Institutions such as the Equality Courts, the South African Human Rights Commission and a lot of human rights groups that would gladly assist Lindiwe in defending her rights.

But Lindiwe like most 'victims' chose to moan about it, no problem with moaning but it does not help when you moan and the 'racists' are still out there with their hatred.

If you have a radio show on racism you hear all sorts of nasty stories from 'victims' and the same goes for the web. But truthfully you cannot help when you hear such experiences because you do not have all the details but a version of a story from one party leaving the public with only one option which is feeling sorry for the 'victim'.

So if Lindiwe and all other 'victims' of racism stopped moaning for one second and took action against the perpetrators like the men who were violated in a Bluedowns factory charged the perpetrators, they would be doing a lot of good for our Cape Town instead of spreading racism through their posts which normally tend to result in both black and white exchanging insults.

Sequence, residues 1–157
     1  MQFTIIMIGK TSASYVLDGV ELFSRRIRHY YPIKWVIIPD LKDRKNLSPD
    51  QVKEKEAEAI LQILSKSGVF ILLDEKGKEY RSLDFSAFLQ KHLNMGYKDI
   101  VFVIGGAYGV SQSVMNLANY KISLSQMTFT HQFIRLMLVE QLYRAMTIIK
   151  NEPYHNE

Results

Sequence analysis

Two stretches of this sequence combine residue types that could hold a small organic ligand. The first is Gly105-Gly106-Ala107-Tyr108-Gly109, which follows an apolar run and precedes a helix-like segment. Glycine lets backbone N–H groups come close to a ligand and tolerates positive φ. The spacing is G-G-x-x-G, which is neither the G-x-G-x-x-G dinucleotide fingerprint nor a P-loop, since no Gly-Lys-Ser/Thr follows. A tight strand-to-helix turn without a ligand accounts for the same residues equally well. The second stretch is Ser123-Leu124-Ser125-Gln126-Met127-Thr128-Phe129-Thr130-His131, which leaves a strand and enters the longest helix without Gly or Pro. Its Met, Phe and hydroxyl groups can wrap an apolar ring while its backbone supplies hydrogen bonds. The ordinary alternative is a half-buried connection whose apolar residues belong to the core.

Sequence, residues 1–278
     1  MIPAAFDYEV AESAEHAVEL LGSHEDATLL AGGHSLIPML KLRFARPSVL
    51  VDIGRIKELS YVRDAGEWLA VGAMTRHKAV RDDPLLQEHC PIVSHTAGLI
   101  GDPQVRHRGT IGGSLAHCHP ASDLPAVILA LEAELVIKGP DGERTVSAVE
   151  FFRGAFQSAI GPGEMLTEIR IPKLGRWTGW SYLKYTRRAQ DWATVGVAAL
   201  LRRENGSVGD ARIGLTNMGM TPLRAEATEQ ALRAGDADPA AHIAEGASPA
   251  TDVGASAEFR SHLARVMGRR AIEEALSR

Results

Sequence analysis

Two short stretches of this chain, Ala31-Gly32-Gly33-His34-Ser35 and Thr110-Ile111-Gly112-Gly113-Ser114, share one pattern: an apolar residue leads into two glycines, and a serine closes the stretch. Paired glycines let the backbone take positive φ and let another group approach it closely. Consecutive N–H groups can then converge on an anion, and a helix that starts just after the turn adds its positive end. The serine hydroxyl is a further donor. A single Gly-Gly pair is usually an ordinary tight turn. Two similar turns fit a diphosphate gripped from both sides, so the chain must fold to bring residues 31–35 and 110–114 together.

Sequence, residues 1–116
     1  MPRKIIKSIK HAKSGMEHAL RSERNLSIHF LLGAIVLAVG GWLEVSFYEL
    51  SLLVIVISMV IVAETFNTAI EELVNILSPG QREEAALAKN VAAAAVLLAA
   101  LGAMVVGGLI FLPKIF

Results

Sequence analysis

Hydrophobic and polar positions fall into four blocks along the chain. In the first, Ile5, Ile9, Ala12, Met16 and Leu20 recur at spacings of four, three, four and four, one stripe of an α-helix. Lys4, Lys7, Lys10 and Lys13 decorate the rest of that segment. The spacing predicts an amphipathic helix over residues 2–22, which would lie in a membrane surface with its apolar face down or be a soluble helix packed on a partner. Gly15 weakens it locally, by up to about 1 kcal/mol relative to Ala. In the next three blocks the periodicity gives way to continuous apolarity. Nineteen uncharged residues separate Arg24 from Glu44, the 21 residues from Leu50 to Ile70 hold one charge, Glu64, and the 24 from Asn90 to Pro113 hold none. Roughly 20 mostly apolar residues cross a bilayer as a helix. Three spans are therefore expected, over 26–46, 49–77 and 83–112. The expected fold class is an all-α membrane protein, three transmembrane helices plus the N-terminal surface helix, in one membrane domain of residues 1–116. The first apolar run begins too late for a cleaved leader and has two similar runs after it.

When you put 'half-baked' stories on public platforms and do not show what action you took, it simply means you enjoy the story (bored with your life); if she wanted to be taken seriously she would have definitely taken action against the racists but maybe she enjoys the hatred that is why she chose to moan about it. She is a smart young women and I assume can afford to take the matter up.

When I was discriminated against by a security guard in a shopping mall on the basis of sexuality, I immediately wrote to mall management, got legal advice and approached the Equality Court.